complexity and emergence: a workshop on disentanglement
Work in complexity theory since roughly the 1980s, has focused on large but homogeneous systems such as transactions in a market, impacts between sand- grains in a windswept dune, or synaptic activity among neurons, in part because they are easy to model in large, straightforward systems of binary operators. This workshop addresses smaller but less straightforward and heterogeneous systems of multifunctioning operators.
Work on emergence most notably addresses the huge and intractable leaps from chemistry to life or from life to mind. Where emergence is associated with predictability, a philosophical problem arises that once we understand an instance or kind of emergence, it becomes predictable and no longer, in the strong sense, emergent.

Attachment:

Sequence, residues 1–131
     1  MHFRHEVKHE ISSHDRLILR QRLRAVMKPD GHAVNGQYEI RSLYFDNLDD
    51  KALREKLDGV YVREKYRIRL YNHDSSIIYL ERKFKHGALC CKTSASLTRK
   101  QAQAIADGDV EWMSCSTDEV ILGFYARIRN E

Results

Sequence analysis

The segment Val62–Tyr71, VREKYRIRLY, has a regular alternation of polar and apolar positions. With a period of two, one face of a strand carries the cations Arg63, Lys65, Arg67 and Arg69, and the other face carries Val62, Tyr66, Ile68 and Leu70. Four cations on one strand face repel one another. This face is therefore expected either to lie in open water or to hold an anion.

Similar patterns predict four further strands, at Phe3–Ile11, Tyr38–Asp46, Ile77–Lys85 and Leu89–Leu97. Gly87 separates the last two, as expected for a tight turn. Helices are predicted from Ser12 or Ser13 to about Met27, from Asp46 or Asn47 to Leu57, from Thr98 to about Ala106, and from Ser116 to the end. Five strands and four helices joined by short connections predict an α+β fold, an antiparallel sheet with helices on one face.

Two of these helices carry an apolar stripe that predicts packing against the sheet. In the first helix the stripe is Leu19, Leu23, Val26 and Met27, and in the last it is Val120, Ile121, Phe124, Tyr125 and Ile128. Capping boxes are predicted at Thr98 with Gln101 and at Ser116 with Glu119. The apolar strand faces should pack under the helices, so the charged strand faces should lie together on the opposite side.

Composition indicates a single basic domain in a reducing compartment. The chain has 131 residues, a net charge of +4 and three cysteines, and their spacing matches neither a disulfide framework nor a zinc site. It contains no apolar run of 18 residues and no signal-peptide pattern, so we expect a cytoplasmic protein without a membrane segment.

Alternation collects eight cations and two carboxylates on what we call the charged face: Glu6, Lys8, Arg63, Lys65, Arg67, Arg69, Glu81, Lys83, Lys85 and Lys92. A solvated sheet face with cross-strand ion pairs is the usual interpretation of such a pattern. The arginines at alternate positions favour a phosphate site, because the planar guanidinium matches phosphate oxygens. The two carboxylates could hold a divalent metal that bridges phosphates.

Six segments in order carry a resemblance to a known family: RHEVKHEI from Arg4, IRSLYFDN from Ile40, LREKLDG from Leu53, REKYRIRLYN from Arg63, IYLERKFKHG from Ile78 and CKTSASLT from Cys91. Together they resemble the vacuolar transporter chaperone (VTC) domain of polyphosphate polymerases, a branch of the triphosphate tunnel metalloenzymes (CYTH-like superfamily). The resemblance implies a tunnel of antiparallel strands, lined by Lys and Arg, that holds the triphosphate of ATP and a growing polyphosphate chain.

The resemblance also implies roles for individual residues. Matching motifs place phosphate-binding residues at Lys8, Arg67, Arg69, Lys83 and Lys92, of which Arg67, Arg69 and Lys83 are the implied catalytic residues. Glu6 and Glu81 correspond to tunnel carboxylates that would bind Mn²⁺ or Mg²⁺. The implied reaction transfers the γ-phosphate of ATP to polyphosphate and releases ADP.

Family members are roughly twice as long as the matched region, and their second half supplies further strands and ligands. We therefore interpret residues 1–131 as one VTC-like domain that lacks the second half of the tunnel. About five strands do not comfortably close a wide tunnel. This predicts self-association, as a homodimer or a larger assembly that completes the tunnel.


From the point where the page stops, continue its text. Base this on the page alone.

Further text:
This workshop uses the weaker sense of emergence in which phenomena of a type not identiﬁable in a set of parts emerge from the conﬁguration of elements. The questions raised and games played in this workshop explore concepts of convolution, diversity, richness, depth, non-linearity, and so on in the smallest and most constrained systems possible. This challenges us to sharpen our appreciation of such concepts or phenomena. Even if we don’t arrive at common deﬁnitions, the experience offers emergent results such as improved abilities to analyse and design larger and open-ended systems.
KEYWORDS: emergence, space and form, simplicity and complexity, order, negentropy